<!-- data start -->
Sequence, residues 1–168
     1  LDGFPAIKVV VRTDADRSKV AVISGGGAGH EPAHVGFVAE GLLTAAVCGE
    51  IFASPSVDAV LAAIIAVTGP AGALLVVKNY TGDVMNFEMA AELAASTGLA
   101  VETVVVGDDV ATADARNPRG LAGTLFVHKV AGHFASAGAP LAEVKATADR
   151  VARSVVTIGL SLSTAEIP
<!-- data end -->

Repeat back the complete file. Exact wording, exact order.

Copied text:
Sequence, residues 1–168
     1  LDGFPAIKVV VRTDADRSKV AVISGGGAGH EPAHVGFVAE GLLTAAVCGE
    51  IFASPSVDAV LAAIIAVTGP AGALLVVKNY TGDVMNFEMA AELAASTGLA
   101  VETVVVGDDV ATADARNPRG LAGTLFVHKV AGHFASAGAP LAEVKATADR
   151  VARSVVTIGL SLSTAEIP